Ana Carrasco becomes first female motorcycle world champion
A significant milestone was passed on the road to gender equality yesterday when 21-year-old Ana Carrasco became the first female motorcycle world champion, surviving the final round of the 2018 World 300 Supersport Championship at Magny Cours in France with just three points from her 13th place, enough to give her the title by a one-point margin.
Car and motorcycle racing are among the few sports where women compete directly with men, but in the 134 year history of motorsport, there has never previously been a female world champion. Until Sunday that is, and Ana's win might be far more significant in propelling her to global superstardom because of the nature of global motorcycle sales.
World Superbike Racing is the most influential motorsport series in the world and success in the world superbike championship (where the racing bikes are based on production motorcycles) translates directly to large capacity road motorcycle sales.
The same formula saw the Supersport 600 cc class introduced in 1999 and become a mainstay for racing classes all over the world ... but only the first world. The bulk of the world's motorcycle sales are now in emerging economies, with large populations and a high percentage of motorcycles among road users.
The introduction of the Supersport 300 class in 2017 has proven to be immensely popular in those emerging markets, where coincidentally, the 300 cc class is the most viable sports category.
In most of Asia, Europe and South America, registration, insurance and roads combine to make the 300 class the most important category and the global following of the 300 Supersport championship will heighten Carrasco's global recognition.
Indeed, all of the countries where the 300 category are on high growth curves seem to be emerging markets growing rich, where most of the population ride motorcycles, and the top of the aspirational heap is a 300 cc sports motorcycle.
Hence the Spaniard's world championship might well make her a global name in many more countries and with a far greater following than could have been conceived just two years ago when 300 Supersport racing hadn't yet begun.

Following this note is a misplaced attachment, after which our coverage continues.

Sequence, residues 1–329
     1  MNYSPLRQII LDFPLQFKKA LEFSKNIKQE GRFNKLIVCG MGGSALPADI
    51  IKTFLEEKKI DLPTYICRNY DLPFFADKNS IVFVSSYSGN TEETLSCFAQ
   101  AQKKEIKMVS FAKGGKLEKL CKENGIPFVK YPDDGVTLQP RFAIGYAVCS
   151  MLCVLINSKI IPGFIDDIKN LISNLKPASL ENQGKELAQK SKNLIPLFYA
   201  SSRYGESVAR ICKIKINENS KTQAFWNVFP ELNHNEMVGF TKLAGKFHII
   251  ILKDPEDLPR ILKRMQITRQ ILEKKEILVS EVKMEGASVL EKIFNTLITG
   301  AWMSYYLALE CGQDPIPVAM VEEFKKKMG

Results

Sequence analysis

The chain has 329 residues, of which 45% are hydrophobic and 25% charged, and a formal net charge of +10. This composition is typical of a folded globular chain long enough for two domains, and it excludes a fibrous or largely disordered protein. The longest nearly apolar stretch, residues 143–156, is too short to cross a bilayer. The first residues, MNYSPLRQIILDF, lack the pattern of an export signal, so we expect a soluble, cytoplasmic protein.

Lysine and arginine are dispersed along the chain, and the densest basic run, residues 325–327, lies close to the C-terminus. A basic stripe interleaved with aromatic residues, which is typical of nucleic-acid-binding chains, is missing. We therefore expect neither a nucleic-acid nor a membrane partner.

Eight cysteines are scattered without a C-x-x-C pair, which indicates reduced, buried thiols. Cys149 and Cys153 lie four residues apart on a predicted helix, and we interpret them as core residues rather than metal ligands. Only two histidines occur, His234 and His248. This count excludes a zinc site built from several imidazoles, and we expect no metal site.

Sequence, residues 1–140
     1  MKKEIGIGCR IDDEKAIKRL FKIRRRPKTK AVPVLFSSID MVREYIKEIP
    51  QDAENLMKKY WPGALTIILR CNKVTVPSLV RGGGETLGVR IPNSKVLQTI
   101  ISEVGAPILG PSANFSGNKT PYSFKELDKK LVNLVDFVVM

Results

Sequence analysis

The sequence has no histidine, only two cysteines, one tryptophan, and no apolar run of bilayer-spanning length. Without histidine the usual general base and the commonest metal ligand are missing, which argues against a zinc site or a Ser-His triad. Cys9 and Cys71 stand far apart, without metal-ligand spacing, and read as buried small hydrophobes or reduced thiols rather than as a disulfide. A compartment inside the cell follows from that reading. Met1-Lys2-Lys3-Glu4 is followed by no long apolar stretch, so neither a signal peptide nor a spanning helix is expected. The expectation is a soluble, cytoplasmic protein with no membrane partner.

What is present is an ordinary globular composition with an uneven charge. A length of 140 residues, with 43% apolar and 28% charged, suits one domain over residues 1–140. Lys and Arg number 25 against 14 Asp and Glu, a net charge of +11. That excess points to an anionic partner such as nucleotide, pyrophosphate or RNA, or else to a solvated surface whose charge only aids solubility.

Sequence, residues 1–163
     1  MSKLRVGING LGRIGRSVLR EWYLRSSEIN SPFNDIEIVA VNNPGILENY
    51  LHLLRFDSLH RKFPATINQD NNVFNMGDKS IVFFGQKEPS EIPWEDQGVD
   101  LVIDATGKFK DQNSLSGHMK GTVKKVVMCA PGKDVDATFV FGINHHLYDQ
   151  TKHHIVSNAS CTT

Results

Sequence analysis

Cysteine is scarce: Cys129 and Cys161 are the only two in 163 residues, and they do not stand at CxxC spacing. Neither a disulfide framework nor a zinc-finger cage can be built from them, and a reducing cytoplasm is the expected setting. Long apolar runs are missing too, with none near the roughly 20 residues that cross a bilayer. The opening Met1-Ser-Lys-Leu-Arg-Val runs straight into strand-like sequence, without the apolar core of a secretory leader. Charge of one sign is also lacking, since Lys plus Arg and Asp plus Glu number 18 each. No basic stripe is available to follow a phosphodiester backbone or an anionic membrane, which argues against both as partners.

Carrasco had previously contested Moto3 events at a world championship level in 2013, becoming the first woman to score points with 15th at the 2013 Malaysian Grand Prix and eighth at the 2013 Valencian Grand Prix before sponsorship issues caused her to lose several seasons at International level as she attempted to find the right team.
She moved to the newly-formed Supersport 300 World Championship in 2017, becoming the first woman in an individual world championship motorcycle race at Portimeo in September, 2017.
The above video clip shows Carrasco drafting to her way to her first win, cleverly using slipstreaming out of the last corner to take victory over her male competitors by thousandths of a second.
To be competitive in the Supersport 300 class, with such small speed differentials, a rider has to be able to carry sustained corner speed, and the above video of MotoGP winner and commentator Simon Crafar chasing Carrasco around Cartagena at the beginning of 2017, shows the remarkable skills of Carrasco during her first try-out on a Moto2 bike.
In the first half of this video, she is doing her first laps on a bike with twice the power of her normal 300cc machine, but in the second half of the video, Carrasco comes to grips with the power and really gets going so much so that Crafar is struggling to stay with her.
Ana Carrasco's winning season
Carrasco's 93 point 2018 season saw her score points in all eight rounds (meaning she finished in the top 15 riders in every race), saw her lead the championship table after her win at Imola in Italy on May 13, and extend her points lead to 22 points with another win at Donington in the British round of the title chase.
The last few rounds of the championship have seen her bike lacking pace though, and from the last three races of the season leading into Magny Cours, her returns were just 11th, 10th and 10th, and she fronted the starter in the final race of the season from 25th place with a lead of just 10 points. A win scores 25 points, second scores 20 points, and her competitors were 10 and 18 points behind her.
Carrasco posted on her Facebook page after qualifying in 25th place, "Working very hard to find a solution! We never give up, we will fight until the end!"
Her attitude ultimately turned out to have been the difference between continued obscurity, and a place on the world stage. She finished the first of 12 laps in 23rd place, with her title rivals at the front of the field, holding positions that would have surpassed her 10/18 point advantage and given them the title.
Lap by lap, she edged closer to the points, 22nd, 22nd, 20th, 19th, taking 18th place with just three laps to go. The final laps saw Carrasco finally finding her rhythm, taking 15th place and finally 13th place and three precious points for a season tally of 93.
Her closest rival, Scott Deroue, had led the race in the early laps but his gear lever broke while he was in the leading group on the 5th lap, ending his race and his title prospects.
That left Carrasco's next closest rival Mika Perez of Spain, who took 20 points for second place, giving him a season points tally of 92 points, with Carrasco winning the championship by the narrowest of margins.
The motorcycle world has been awaiting a genuinely competitive female at world championship level seemingly forever ... and in one of the tightest, toughest, dog-eat-dog classes in the world, Ana Carrasco has proven to be an absolute terrier. Bravo!
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